es East Eden EssaysReligious References in East of Eden Religion constantly appears throughout Steinbeck’s East of Eden. Among these religious appearances are the similarities between the Cain and Abel story and the characters, the Hebrew word timshel, and the presence of God/Fate in the novel. First, East of Eden is a reenactment of the Cain and Abel tale.
Many similarities are seen between the two. The title East of Eden comes from the biblical tale when ” ‘Cain went out from the presence of the Lord and dwelt in the land of Nod on the east of Eden’ ” (Steinbeck 352). The relationship between Abel and Cain, who killed Abel, is similar to those of Adam and Charles, who once tried to kill Adam, and Aron and Caleb, who informed Aron of their mother’s profession, an act which led to Aron’s death in World War I. Charles and Caleb fight for their fathers’ affections in the same way in which Cain fought with Abel over the Lord’s attention. Also in the novel, “the Cain characters .
. . are identified by names beginning with “C” (Cyrus, Charles, Cathy, Caleb) and the Abel characters . . .
with “A” (Alice, Adam, Aron, Abra)” (Lisca 269). Next is the word timshel– thou mayest– a Hebrew word spoken to Cain by the Lord: ” ‘if thou doest not well, sin lieth at the door. And unto thee shall be his desire, and thou shalt rule over him’ ” (Steinbeck 351). Lee discovers that the verb in this passage has been translated as both thou shalt rule over evil and do thou rule over evil. With the help of his Chinese elders and a Jewish Rabbi, Lee determines that the original meaning is thou mayest– “the word timshel . .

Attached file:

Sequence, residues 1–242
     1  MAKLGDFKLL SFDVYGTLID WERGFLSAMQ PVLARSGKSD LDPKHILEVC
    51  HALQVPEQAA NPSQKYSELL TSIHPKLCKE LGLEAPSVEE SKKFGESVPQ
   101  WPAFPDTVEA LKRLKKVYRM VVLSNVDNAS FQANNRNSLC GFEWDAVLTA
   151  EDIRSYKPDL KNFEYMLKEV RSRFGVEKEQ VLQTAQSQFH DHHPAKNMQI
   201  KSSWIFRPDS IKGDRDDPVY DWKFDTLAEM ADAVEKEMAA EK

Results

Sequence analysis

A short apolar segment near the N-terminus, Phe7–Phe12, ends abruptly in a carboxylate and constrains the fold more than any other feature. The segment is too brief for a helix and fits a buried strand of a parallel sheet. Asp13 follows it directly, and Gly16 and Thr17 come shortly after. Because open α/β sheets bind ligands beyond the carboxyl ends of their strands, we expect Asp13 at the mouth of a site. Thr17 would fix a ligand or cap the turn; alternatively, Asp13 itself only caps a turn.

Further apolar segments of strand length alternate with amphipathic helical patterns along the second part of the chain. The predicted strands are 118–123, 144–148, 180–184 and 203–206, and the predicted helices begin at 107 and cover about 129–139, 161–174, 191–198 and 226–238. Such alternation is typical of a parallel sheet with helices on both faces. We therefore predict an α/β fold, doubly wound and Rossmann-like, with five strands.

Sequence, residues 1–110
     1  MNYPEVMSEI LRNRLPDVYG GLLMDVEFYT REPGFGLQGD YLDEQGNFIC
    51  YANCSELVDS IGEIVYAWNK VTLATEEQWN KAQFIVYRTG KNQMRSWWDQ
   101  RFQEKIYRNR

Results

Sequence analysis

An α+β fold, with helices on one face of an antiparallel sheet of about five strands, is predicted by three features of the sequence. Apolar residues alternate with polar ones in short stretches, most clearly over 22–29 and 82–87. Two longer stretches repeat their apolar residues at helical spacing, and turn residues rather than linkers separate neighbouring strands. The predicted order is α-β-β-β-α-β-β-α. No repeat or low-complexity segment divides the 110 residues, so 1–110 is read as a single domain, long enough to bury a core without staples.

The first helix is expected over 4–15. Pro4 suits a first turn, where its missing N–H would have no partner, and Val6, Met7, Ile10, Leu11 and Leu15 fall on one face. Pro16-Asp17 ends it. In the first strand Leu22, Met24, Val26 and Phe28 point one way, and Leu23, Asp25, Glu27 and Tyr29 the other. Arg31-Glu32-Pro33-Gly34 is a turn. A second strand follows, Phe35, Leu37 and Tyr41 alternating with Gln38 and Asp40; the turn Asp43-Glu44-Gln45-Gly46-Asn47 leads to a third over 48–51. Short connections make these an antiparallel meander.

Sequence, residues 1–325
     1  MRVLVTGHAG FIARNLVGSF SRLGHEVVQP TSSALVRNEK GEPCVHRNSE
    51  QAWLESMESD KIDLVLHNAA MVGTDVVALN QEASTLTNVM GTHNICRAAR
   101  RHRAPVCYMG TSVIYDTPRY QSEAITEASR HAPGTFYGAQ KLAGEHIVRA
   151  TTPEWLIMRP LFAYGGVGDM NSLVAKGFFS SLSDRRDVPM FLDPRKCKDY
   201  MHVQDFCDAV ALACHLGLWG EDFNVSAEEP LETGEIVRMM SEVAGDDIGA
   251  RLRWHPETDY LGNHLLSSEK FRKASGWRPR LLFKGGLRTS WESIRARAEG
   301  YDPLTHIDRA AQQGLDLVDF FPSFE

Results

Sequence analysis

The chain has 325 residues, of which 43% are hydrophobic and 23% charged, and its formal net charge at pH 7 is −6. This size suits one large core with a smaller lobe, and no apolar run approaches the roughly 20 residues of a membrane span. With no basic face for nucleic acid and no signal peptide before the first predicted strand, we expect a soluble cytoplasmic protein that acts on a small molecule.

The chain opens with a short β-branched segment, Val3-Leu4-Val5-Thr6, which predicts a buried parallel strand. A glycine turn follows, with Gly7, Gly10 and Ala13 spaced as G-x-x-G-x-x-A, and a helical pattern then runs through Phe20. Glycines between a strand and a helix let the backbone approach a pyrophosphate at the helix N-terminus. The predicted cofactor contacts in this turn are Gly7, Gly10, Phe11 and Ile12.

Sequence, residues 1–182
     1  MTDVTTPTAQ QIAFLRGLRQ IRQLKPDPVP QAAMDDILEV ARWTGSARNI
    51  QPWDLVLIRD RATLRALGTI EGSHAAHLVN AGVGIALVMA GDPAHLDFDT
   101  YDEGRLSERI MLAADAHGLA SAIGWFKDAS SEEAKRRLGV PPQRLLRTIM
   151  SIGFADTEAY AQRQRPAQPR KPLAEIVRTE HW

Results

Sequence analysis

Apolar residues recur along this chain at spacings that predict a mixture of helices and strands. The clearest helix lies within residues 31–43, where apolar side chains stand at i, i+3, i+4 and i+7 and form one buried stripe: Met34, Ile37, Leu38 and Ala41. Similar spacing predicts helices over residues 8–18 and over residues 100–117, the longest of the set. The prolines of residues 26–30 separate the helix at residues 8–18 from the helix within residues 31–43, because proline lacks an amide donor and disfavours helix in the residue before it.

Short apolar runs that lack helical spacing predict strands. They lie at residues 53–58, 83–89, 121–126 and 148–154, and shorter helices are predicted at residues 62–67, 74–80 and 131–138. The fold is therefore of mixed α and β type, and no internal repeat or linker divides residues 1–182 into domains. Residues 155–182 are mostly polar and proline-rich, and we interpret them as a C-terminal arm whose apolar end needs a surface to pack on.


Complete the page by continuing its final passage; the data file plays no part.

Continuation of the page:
. gives a choice” (398) or free will to mankind to commit good or evil acts. This word appears often in the novel and is important at the very end where Adam’s final timshel blesses and forgives Caleb and reminds him that even after his “murder of his brother . . . he can still choose his course and fight it through and win”, meaning Caleb still has the chance to overcome the tendency for evil which he believes he has inherited form his mother.
(Gribben 96) One of the novel’s epiphanies is Lee’s translation of timshel to thou mayest. This translation puts choice into man’s destiny. According to this view, we are not condemned; we have a choice between good and evil. It is a very liberating concept– as Lee and Samuel discover.
Lee’s translation of timshel as thou mayest, gives people hope that everyone is not corrupted because they are descended from Adam and Eve. Timshel explains that everyone has a choice to be either good or evil. There are many lengthy descriptions of the land which describe nature, created by God, in its harshness and its beauty. Especially in Salinas Valley is the whim of God/Fate seen when the fruitful and prosperous seasons turn into desolate periods in which the water dries up, vegetation dies, and animals starve. Then there is Samuel Hamilton’s wife Liza, who has “a dour Presbyterian mind and a code of morals that .
. . beat the brains out of nearly everything pleasant do to” (Steinbeck 11). She strongly believes in God and reads the Bible every night, her belief in God and Heaven so unyielding that she thinks everything she does in life is just a “stage on the way to Heaven” (384). Through references to religion, Steinbeck draws similarities between Cain and Abel and his own characters, puts a powerful impact in the final scene with the word timshel, and stresses the power of God/Fate over the existence of everyone.